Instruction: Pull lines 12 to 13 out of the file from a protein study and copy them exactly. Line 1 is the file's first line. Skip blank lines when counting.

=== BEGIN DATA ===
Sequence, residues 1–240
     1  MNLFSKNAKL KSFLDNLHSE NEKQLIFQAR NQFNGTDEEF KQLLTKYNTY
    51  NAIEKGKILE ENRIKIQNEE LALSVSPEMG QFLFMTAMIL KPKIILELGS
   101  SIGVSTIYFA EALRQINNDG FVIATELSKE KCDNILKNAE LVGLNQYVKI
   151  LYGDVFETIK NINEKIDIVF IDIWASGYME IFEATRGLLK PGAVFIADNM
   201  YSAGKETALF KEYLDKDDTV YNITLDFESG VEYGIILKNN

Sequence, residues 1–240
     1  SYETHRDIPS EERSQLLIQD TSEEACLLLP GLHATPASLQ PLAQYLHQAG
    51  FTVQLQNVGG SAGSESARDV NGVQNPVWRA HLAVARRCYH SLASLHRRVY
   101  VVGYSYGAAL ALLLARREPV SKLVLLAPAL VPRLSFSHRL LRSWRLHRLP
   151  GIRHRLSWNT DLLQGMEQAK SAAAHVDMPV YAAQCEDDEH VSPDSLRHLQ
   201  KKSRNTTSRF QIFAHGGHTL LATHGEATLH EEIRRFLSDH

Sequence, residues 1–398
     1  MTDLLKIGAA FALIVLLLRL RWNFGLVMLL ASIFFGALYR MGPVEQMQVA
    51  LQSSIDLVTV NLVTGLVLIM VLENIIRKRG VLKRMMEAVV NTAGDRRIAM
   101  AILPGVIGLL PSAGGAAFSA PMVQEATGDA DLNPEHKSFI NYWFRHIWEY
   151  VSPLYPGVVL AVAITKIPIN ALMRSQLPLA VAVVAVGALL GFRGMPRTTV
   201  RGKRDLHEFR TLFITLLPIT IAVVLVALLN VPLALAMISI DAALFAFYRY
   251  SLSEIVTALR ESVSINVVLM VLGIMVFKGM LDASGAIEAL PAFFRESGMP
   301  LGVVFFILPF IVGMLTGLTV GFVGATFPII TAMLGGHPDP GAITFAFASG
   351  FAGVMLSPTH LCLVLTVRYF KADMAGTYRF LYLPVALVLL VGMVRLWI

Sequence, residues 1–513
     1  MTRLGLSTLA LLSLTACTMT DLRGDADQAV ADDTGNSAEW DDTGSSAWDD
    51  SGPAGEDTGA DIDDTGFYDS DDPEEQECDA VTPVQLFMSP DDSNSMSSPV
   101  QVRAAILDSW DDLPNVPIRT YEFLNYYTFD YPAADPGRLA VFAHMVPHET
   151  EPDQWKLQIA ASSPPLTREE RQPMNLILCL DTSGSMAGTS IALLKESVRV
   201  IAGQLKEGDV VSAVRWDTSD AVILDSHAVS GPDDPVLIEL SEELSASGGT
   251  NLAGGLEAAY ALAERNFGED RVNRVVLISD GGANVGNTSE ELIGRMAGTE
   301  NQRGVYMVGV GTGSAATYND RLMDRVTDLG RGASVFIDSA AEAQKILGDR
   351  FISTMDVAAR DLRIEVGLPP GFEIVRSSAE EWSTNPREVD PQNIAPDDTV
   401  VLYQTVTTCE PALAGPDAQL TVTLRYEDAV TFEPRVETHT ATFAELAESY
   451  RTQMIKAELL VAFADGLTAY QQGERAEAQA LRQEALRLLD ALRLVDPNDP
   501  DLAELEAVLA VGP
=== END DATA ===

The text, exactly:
   201  KKSRNTTSRF QIFAHGGHTL LATHGEATLH EEIRRFLSDH

Sequence, residues 1–398